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Going Raw In Boston

The Freshest Spots To Celebrate International Sushi Day

Sushi, as we know it today, was invented during the Edo Period between 1600 and 1800. This storied Japanese cuisine has taken off in the U.S., and the world celebrates it on June 18. Boston's proximity to the sea means there's a wealth of super-fresh seafood to make top-notch sushi. These are the spots.

Sakana 

Known for its modern interpretation of classic sushi dishes, Sakana holds its own against another neighborhood sushi institution, Cafe Sushi. The sushi entrees offer an excellent selection of different fish so you can taste your way through all the delicacies of the sea. The sashimi dinner includes 15 pieces of the chef's selection, and the nigiri dinner includes eight pieces as well as a tuna roll. The signature maki menu is bursting with inventive rolls. Try the "Rocky Road" with fried onions, spicy crumbs, and cucumber on the inside and salmon, tuna, roe, and tobiko on the outside with a mango sauce.  

Ruka

About a hundred years ago, thousands of Japanese migrants came to Peru. They began cooking the dishes they knew from home using the local Peruvian ingredients, and Nikkei cuisine was born. Ruka is doing Nikkei fare better than anyone else in Boston. The "Papa Gordo" maki roll lives up to its name stuffed with fatty tuna, tempura shrimp, pickled daikon, kanzuri yum yum, and tobiko. Sushi isn't the only way to enjoy raw fish here. The hamachi ceviche is an incredibly refreshing blend of charred jalapeño, coconut, Leche de Tigre (citrusy, spicy marinade), avocado, Okinawan chips, and sushi rice. 

Nikkei cuisine in Boston | WhereTraveler
Nikkei sushi (Courtesy Ruka/Facebook)

O Ya

If you've got the cash (and you'll need a lot of it), O Ya is the most luxurious omakase experience in Boston. The full experience will set you back $250 before gratuity and beverages, but it's worth it for the approximately 20 courses of nigiri, sashimi, and cooked dishes. If that's a little too much buck for the bang, the sister restaurant Gogo Ya is popping up at O Ya for take-out. The crispy nori sushi tacos are a memorable way to celebrate International Sushi Day and come in torched salmon teriyaki, spicy tuna, and spicy scorched hamachi flavors. Signature maki rolls are also available, like the shiitake tempura roll with black truffle salsa, miso, and fried garlic. 

20-course omakase | WhereTraveler
Course after course of incredible sushi (Courtesy O Ya/Facebook)

The Mad Monkfish

If you like music and sushi, then head to Cambridge's funky sushi spot, The Mad Monkfish. Listen to live jazz while chowing down on themed sushi rolls. Face the music with "Gaga's Monster Roll" stuffed with octopus, cucumber, tiger shrimp, kanikama, tempura crunch, tobiko. The massive roll is then draped in tuna, multi-colored tobiko, and drizzled with spicy mayo and ponzu. The fairytale-themed rolls pay homage to beloved storybook characters like Princess Aurora. The "Sleeping Beauty" roll is as blonde as the princess herself with yellowtail, pineapple, and tempura flakes wrapped in yellow soy paper then draped in salmon and fresh mango. There is also a long list of no-fuss nigiri, sashimi, and traditional rolls.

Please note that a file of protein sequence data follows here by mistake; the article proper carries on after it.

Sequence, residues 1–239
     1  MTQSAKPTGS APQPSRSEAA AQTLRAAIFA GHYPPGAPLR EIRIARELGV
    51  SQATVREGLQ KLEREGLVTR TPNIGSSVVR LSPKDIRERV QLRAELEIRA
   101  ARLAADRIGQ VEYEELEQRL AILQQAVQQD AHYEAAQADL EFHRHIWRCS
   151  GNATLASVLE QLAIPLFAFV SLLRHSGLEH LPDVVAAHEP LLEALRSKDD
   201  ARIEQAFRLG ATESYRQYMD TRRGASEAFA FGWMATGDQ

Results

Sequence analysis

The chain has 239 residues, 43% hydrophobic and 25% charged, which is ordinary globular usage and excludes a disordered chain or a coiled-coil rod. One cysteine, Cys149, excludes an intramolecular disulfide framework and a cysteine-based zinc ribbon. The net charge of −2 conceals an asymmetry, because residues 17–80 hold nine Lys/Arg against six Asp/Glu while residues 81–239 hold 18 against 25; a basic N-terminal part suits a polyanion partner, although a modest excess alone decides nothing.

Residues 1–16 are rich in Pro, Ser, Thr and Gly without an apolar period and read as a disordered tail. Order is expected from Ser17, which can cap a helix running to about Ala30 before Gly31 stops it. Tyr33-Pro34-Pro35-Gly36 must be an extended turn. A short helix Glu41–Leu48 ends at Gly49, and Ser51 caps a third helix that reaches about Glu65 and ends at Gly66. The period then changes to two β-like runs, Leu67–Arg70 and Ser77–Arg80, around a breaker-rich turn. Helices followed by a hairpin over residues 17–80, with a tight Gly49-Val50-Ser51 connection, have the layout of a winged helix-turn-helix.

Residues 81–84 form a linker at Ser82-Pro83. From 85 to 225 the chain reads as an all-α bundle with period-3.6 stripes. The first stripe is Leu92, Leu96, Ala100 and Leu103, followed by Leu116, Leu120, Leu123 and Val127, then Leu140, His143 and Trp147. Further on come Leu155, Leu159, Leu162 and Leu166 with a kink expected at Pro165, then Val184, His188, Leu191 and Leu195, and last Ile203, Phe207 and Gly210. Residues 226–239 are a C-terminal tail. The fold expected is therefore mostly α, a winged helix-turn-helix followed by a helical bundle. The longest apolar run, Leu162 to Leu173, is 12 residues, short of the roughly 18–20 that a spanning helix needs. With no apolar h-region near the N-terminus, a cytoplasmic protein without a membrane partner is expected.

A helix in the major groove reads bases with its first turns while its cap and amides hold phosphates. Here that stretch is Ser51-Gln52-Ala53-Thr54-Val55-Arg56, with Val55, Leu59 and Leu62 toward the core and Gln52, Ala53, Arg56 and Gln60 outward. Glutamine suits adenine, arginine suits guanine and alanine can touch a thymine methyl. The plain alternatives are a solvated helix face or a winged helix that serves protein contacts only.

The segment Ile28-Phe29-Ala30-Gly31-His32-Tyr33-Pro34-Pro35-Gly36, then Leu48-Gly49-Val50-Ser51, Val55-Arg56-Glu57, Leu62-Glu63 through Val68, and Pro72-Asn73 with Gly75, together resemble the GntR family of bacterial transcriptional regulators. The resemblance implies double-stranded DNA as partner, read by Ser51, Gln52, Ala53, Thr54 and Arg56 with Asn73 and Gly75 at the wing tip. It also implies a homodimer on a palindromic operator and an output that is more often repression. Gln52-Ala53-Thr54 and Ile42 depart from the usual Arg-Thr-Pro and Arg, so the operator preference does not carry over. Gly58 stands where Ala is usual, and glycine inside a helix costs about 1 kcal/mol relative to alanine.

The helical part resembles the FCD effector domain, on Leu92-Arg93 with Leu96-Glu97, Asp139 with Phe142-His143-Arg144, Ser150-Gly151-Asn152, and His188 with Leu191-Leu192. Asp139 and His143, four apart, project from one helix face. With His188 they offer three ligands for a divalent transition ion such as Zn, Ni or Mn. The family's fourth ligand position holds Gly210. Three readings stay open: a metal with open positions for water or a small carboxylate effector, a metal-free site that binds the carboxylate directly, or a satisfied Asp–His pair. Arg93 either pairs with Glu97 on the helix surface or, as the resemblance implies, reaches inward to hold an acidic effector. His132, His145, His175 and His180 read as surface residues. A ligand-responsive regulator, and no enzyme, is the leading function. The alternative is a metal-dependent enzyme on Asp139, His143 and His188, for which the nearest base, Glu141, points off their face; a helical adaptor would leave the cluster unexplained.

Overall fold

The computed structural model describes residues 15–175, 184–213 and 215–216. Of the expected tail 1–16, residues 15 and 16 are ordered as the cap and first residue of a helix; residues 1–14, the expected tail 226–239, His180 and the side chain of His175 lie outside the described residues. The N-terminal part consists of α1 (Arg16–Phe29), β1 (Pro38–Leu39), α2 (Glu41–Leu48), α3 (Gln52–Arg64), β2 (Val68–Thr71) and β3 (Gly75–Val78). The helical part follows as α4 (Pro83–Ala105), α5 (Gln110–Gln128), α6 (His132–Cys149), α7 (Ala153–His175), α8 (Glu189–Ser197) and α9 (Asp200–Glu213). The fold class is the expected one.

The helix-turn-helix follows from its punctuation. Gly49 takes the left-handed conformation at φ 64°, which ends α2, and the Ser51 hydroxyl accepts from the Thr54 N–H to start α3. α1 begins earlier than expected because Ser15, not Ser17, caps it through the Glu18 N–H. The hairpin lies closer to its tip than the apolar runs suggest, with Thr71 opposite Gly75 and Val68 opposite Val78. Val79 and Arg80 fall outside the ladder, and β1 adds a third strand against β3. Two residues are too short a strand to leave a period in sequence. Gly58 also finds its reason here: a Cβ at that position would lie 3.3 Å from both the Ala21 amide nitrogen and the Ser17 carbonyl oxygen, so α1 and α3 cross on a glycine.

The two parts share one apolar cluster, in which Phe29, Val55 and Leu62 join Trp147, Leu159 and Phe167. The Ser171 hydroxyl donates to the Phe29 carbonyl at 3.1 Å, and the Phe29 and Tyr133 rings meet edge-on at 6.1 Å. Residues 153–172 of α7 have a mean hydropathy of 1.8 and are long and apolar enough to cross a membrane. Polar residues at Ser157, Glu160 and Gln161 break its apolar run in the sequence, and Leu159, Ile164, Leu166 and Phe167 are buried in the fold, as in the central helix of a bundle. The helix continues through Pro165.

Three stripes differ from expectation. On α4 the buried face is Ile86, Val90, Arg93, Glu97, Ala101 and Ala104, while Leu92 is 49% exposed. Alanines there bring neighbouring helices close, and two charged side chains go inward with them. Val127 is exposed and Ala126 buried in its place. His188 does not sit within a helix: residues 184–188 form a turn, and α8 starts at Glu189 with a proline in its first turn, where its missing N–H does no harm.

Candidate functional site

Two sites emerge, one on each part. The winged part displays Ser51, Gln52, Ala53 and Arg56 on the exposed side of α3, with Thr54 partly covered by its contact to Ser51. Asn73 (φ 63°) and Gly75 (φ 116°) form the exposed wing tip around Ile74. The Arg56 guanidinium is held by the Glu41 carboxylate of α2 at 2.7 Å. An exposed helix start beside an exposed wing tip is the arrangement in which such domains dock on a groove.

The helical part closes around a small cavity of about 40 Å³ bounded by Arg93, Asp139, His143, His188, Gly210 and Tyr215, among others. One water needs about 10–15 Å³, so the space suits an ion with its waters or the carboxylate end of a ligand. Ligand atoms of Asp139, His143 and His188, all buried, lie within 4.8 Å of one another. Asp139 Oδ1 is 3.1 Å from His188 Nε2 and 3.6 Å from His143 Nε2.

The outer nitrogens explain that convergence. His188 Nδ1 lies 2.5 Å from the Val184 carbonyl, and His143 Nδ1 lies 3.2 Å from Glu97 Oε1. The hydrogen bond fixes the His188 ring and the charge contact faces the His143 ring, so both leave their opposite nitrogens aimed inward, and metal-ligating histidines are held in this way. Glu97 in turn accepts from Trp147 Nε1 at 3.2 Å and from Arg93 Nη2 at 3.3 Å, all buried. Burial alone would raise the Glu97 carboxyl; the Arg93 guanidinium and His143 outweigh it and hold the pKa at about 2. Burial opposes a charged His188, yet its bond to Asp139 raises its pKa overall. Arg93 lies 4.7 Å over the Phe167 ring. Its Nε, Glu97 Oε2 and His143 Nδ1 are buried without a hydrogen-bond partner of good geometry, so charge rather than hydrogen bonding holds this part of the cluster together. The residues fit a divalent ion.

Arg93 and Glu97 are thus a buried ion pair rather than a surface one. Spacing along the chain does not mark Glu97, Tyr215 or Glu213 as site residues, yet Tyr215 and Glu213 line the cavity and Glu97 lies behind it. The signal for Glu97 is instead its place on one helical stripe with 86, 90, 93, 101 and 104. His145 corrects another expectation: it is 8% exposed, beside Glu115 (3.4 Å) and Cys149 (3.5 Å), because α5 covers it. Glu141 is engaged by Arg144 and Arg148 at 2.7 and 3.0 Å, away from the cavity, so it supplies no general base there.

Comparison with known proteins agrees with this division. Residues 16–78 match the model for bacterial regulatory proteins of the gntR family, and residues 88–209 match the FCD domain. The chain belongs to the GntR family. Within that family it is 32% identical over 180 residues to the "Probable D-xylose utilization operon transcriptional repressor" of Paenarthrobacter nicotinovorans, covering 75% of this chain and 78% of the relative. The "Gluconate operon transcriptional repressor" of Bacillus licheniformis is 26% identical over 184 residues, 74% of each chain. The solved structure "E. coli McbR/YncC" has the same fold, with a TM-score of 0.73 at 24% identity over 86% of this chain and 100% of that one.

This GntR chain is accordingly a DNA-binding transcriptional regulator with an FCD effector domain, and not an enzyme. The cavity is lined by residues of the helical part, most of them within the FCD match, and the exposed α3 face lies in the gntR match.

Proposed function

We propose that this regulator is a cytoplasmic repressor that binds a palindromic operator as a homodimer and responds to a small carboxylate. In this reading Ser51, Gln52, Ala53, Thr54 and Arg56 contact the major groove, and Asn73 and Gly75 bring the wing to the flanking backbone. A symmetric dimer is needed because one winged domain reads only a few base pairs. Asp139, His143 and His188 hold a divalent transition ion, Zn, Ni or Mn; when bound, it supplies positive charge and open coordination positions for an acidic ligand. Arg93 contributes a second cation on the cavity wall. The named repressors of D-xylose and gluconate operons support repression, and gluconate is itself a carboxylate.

Themed rolls and live jazz | WhereTraveler
Themed rolls and live jazz (Courtesy The Mad Monkfish/Facebook)

Uni 

Uni has set up semi-private dining suites and outdoor dining space to serve its full a la carte menu. The extensive nigiri menu (two pieces per order) showcases the versatility of seafood with curated accouterments. The raw Japanese squid is served brushed with a black pepper-uni butter and spot prawns with a yuzu-egg yolk vinaigrette, lime, and garlic enhancement. Non-fish nigiri has equally luxurious options like foie gras with bananas foster, coconut, and coffee oil or A5 wagyu sirloin. The sashimi menu spares no expense in pursuit of luxury. The uni sashimi is a spoonful of splendor with osetra caviar, quail egg yolk, and yuzu. 

Luxury sushi | WhereTraveler
Opulent flavors (Courtesy Uni/Facebook)

Genki Ya

There are five Genki Ya outposts throughout Boston, so you're always close to great sushi. The flagship location in Brookline opened in 2007, and the community was immediately supportive of the affordable and extensive sushi menu. There are more than 30 nigiri options, including flying fish roe, fluke, striped bass, and pickled mackerel. There are 28 specialty maki rolls and nearly 50 classic rolls. Not into eating raw fish? Genki Ya has numerous vegetarian rolls like the ABC roll stuffed with avocado, banana, and cream cheese, along with fun fusion rolls like the "Boston Flower Roll," which has both salmon and shrimp, cucumber, roe, and green vegetables topped with aioli. It's the perfect roll to celebrate International Sushi Day in Boston.

Hawaiian roll | WhereTraveler
Genki Ya Hawaiian roll (Courtesy Genki Ya Brookline/Facebook)